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Wrap global.setTimeout to work with mocks #165

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@dax

dax commented Mar 27, 2014

When a mock testing library (like sinonjs) override global.setTimeout, bluebird
was keeping the original version and was not using the mocked one.
By wrapping the call to global.setTimeout, bluebird will always use the
correct setTimeout implementation.

David Rousselie
Wrap global.setTimeout to work with mocks
When a mock library (like sinonjs) override global.setTimeout, bluebird
was keeping the original version and was not using the mocked one.
By wrapping the call to global.setTimeout, bluebird will always use the
correct setTimeout implementation.
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spion Mar 27, 2014

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Rather than every single library that saves setTimeout fixing this to become compatible with sinonjs, wouldn't it be much better if the fix was in sinonjs? It would be done by replacing setTimeout permanently and making sure that sinon.js is loaded first. It would choose whether to use the original or not internally depending on a flag)

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spion commented Mar 27, 2014

Rather than every single library that saves setTimeout fixing this to become compatible with sinonjs, wouldn't it be much better if the fix was in sinonjs? It would be done by replacing setTimeout permanently and making sure that sinon.js is loaded first. It would choose whether to use the original or not internally depending on a flag)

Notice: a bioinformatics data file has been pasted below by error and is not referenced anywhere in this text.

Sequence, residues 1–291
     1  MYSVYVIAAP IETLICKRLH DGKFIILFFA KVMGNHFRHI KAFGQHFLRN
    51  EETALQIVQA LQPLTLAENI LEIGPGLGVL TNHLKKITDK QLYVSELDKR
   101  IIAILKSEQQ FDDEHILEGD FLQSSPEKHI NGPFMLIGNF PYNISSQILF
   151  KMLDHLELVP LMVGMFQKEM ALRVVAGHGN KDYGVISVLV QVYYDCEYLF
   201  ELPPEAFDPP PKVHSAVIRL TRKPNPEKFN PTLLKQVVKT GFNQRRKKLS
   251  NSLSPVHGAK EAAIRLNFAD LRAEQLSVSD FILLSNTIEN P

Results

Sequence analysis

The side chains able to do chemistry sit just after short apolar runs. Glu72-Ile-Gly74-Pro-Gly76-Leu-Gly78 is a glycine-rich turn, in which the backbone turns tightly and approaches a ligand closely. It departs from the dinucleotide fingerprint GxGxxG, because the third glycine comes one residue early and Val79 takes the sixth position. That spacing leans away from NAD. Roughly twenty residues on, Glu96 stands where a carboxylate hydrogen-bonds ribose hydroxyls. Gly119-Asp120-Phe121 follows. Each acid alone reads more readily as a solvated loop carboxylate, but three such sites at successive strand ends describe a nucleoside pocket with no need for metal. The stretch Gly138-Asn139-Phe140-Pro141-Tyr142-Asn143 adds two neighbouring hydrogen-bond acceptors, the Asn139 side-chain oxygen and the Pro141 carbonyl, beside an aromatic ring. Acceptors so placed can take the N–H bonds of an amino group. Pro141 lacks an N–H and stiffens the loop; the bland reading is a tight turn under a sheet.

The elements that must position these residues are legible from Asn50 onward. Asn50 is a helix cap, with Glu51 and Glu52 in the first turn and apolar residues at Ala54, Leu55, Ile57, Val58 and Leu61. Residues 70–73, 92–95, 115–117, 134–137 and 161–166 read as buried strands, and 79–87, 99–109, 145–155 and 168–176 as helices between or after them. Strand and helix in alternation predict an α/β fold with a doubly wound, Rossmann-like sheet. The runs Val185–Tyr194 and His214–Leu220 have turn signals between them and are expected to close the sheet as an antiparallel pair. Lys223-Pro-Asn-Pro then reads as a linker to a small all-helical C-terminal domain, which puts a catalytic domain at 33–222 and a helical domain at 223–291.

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dax Mar 28, 2014

I am not fan of forcing module load order. Everytime I had to deal with that kind of assertion, it led to some time consuming bugs.

In the case of this PR, why not always use global.setTimeout, and create a wrapped global object (in the global.js module) with the expected setTimeout implementation only when it does not implement the signature bluebird expects ?

dax commented Mar 28, 2014

I am not fan of forcing module load order. Everytime I had to deal with that kind of assertion, it led to some time consuming bugs.

In the case of this PR, why not always use global.setTimeout, and create a wrapped global object (in the global.js module) with the expected setTimeout implementation only when it does not implement the signature bluebird expects ?

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spion Mar 28, 2014

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Thats fine, I think that @petkaantonov will accept the patch, I was just wondering if it isn't extremely tedious to hunt down all libraries that save global functions. I think that it might be a failing of the testing library and should be examined.

Mutating shared globals automatically implies some kind of ordering - its an inevitable consequence. Setting up the fake environment before loading the modules that are going to be using it makes a lot of sense to me.

So rather than swapping functions around, sinon.js could just do this once:

function setTimeoutReplacement() {